You can’t have a contemporary romance round-up without mentioning at least one Henry novel on here, and my only problem was narrowing it down (I also seriously considered Book Lovers). Henry does witty dialogue better than just about anybody, and boy, are there some clever, laugh-out-loud conversations in her books. She also tends to always put in a few steamy scenes, so just be aware of that. Beach Read is about two novelists who are both stuck in a rut and both frantically trying to write to a deadline. One is known for her romances, and the other is known for his moody, literary fiction. Oh, and they don’t exactly have a favorable impression of each other from prior experiences. When they end up renting summer apartments right next to each other, the zingers begin…and so does the bet–the one where they bet the other that they can’t write as successfully in the other person’s genre and do it justice. This is a fun read, but it does have some surprising moments of heft to it, too.
Tokyo Ever After by Emiko Jean
Okay, so this was basically Princess Diaries, but I totally didn’t care. I love Asian culture and the fusion of Asian-American culture, and this young adult book does a great dive into both, as the American-born protagonist discovers that she is actually the long-lost princess of Japan. There’s the expected culture clash and faux pas moments, as well as the personal growth that you’d expect from having to step into such a new and elevated position. And of course, there’s a handsome palace guard that is just the right blend of protective and loyal to make things complicated. I’m totally planning on reading the sequel to this.
Tell Me Three Things by Julie Buxbaum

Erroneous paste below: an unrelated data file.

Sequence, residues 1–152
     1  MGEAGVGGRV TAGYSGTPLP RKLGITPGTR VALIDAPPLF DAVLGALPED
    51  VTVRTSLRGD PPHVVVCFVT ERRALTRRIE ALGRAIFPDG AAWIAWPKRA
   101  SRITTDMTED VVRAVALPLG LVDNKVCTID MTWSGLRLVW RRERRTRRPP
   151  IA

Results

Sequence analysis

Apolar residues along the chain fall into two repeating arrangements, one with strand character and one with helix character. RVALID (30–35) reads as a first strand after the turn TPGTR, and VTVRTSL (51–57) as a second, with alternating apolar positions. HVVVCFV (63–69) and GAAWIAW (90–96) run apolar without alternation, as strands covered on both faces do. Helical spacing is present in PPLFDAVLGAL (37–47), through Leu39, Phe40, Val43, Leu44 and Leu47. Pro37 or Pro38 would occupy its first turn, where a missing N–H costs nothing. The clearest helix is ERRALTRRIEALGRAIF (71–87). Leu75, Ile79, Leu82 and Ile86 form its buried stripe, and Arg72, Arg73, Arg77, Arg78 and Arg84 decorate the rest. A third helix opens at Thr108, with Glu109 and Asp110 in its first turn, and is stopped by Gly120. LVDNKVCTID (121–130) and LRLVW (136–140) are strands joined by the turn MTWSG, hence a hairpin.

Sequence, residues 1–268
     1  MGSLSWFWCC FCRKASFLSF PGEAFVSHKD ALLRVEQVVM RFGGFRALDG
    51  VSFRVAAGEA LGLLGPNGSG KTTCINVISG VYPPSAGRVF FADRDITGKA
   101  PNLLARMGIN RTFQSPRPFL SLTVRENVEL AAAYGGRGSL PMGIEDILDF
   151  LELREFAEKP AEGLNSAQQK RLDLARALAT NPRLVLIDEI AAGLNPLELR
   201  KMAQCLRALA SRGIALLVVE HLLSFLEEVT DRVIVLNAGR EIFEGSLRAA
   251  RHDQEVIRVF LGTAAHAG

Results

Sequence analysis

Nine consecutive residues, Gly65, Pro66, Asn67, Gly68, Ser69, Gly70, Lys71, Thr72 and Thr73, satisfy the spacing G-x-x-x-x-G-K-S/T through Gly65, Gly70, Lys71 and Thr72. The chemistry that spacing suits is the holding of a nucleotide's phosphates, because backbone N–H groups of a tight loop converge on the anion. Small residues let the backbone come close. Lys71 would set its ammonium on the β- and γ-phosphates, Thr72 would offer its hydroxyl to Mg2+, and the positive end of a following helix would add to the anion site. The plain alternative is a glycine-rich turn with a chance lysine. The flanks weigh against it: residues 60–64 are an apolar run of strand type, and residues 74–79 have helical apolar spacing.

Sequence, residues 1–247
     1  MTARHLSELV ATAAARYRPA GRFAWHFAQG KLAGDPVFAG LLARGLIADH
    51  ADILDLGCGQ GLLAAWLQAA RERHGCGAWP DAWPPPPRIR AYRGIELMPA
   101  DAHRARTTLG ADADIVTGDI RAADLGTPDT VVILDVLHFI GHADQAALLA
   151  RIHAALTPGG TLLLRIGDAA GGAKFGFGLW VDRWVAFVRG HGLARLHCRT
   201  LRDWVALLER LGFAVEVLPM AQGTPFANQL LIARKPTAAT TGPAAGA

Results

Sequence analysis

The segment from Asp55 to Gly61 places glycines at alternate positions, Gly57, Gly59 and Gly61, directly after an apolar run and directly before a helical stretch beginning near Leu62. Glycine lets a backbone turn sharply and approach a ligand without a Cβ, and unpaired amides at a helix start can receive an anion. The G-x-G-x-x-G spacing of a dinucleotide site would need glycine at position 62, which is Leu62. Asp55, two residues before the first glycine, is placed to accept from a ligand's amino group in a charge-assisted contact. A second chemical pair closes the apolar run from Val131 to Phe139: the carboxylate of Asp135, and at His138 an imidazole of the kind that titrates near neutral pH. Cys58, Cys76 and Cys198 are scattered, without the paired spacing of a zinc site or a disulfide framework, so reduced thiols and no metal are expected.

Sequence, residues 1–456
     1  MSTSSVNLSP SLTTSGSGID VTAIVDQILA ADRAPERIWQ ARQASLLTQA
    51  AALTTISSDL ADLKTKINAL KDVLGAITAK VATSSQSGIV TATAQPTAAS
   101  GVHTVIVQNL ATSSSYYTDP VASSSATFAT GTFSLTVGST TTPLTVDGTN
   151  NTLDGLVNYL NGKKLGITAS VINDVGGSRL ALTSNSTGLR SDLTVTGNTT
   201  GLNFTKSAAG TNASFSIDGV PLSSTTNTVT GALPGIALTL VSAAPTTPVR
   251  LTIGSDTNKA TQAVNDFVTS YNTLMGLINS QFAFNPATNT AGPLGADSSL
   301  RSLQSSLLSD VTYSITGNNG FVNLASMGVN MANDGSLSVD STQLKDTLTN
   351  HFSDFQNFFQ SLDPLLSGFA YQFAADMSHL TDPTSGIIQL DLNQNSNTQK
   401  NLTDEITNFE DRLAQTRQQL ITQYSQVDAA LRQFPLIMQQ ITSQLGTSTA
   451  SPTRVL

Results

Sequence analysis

This list is definitely heavier on the young adult fiction, but perhaps that’s partly due to the fact that they usually tend to be light (or nonexistent) on the sex scenes (though not necessarily light on references or the profanity) and lean more into the character development. They also tend to be a little simpler and more straightforward, which is fine by me when I’m looking for a lighter read. In this, Jesse is forced to uproot from her well-established circle of friends and social/academic life when her mom dies and she has to move in with her dad and stepmom. Not only that, she’s forced to start attending an ultra-elite, ultra-intimidating prep school for snobby rich kids, which is a circle she definitely doesn’t feel like she belongs in. She’s seriously considering running away back home when she starts receiving mysterious emails from someone who calls himself Somebody/Nobody, who starts offering her tips on how to survive at her new school. This was really cute and sweet and while it wasn’t fluffy due to the protagonist’s backstory, it did fit the bill of being on the lighter side.
How Not to Die Alone by Richard Roper
This is a bit of a left-field romance, meaning that it doesn’t fit the more traditional tropes or feel of the genre. In fact, it blends in much more succinctly with books like A Man Called Ove and Eleanor Oliphant is Completely Fine since it deals with a lonely but lovable protagonist who definitely has a socially awkward side. In this, the main character, Andrew, has the somewhat morbid job of searching through the belongings of the recently deceased in order to see if they had any next of kin. At work, he accidentally stumbles a bit into a lie that he himself has a wife and kids at home, even though he is as lonely as they come. The lie is perpetuated and built on for years, a fact which becomes complicated when a new coworker, Peggy, comes into his life, whom he quite likes. Although this goes much like you would expect, it was still a quirky ride I didn’t mind taking. Heads up for profanity.
To All the Boys I’ve Loved Before by Jenny Han
Although this trilogy veers perhaps a little bit into the “fluffy,” it’s so cute that you won’t even mind. Lara Jean, the protagonist, is lovable, believable, and the kind of teenager that you just want to root for despite (or maybe because of) her awkwardness and naivety. She finds herself in quite a dilemma when she discovers that the love letters she wrote to every single one of her crushes over the years accidentally got sent to them all. The love story is worth rooting for in this, but my favorite thing about the trilogy actually might be the portrayal of the close family bond between Lara Jean, her two sisters, and her widowed father. If you’re looking for something light and (generally) wholesome (although it does have its moments), you can’t get much better than this. (And the best part? If you want to check out the whole series, it’s part of the Buy One, Get One 50% off sale that Amazon is running right now.)
What are some clever, not-totally-fluffy romances that you would add to the list?